Pat Metheny Unity Group - Kin

Five fall into adventure

“Kin is really the 3D, IMAX, Technicolor
version of the Unity Band record,” says Pat
Metheny, describing how his latest album
compares to the Grammy-winning first
recording (made in 2012) by his quartet
comprising saxophonist Chris Potter, bassist
Ben Williams and drummer Antonio Sanchez.
The foursome notched up over 100 gigs
around the globe supporting their debut – and
discovered that they didn’t want the tour to
end. “Everybody got along really well and we
just had a lot of fun together,” reveals
Metheny. “We all had this feeling to keep
going, so I started thinking: if we’re going to
do this again, maybe there would be a way to
really broaden it out further and incorporate
electronic elements that have always been
a big part of my music for the last 30 years.”

To do this, Metheny added another
recruit to the ranks – pianist-cum-multi-instrumentalist,
Giulio Carmassi – and
renamed his outfit Unity Group. Carmassi’s
contribution is an important one: though not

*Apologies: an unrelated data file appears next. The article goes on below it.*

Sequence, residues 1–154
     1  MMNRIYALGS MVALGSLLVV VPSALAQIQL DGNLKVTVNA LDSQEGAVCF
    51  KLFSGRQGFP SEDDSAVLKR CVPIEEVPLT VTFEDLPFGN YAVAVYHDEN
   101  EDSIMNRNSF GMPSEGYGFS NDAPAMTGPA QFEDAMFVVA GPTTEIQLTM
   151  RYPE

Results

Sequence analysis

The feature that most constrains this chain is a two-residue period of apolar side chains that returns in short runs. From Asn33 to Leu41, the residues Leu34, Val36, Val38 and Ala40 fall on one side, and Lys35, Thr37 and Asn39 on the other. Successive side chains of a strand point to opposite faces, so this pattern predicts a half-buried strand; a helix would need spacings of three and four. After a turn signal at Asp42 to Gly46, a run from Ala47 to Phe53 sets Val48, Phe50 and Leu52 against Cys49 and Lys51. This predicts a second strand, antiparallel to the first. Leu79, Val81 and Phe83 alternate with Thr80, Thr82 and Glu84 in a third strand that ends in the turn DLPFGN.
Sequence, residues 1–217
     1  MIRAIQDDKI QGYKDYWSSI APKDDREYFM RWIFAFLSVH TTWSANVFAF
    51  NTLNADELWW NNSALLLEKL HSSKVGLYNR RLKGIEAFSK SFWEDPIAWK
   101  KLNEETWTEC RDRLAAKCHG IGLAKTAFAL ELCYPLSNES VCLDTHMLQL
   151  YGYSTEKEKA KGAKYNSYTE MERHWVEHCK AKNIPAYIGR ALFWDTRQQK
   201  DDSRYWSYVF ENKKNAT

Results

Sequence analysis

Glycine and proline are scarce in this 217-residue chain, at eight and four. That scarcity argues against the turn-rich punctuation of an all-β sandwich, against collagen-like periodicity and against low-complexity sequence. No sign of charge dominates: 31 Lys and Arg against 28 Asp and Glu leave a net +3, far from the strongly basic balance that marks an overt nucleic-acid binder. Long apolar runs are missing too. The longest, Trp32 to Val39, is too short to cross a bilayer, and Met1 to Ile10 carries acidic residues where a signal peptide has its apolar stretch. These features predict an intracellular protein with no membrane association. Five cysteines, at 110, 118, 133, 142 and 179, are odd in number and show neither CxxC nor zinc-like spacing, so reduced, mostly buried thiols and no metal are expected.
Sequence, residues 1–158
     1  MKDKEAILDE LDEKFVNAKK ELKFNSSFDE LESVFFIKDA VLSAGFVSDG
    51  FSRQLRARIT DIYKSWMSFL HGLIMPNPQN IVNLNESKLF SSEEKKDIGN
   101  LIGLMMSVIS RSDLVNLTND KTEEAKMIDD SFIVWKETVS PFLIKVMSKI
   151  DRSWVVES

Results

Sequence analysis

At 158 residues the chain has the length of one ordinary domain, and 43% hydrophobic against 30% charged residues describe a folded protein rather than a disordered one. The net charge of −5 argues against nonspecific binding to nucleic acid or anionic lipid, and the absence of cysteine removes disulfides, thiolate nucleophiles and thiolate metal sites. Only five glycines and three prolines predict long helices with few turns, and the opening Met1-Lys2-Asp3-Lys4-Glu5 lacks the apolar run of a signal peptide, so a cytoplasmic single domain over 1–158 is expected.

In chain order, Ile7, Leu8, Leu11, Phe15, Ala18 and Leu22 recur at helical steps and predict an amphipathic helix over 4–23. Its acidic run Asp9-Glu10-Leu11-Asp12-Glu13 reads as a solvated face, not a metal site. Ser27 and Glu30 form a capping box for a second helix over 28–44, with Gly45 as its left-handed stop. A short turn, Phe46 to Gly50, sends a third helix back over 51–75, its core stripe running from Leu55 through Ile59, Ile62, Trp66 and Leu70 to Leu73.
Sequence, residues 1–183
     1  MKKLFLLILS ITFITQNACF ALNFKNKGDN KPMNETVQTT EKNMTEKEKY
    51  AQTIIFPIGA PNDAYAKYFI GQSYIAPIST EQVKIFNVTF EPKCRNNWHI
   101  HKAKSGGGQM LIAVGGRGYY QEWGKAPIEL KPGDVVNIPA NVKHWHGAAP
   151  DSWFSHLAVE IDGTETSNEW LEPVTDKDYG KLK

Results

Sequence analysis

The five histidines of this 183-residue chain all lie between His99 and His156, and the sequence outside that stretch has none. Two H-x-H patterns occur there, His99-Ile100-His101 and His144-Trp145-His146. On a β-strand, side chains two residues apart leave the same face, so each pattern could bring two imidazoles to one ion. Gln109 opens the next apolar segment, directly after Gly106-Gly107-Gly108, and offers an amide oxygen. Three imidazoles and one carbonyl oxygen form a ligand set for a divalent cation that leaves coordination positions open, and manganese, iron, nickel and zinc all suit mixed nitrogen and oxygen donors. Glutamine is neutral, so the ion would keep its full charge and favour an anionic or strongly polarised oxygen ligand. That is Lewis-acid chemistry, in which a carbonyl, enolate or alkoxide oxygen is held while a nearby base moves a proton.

a soloist, his presence allows for greater
textural richness and depth. In fact, unlike
Unity Band, Kin is a musical hybrid that
combines through-composed passages
(similar to the dense, multi-timbre polyphony
that characterised 2010’s Orchestrion) with
traditional jazz improv. The end result is
something quite astonishing. The title cut
demonstrates Metheny’s ability to compose
big tunes with hummable melodies, while
the pellucid ballads Sign Of The Season and
Born show that the guitarist can play with
a simplicity that conveys more emotional
depth than some of his more intricate, fleet-of-
finger pieces. All in all, another envelope-pushing
opus from a pathfinding musician
whose talent doesn’t recognise boundaries.

4 stars 4 stars 4 stars 4 stars

Nonesuch | cat no tbc

Reviewed by Charles Waring
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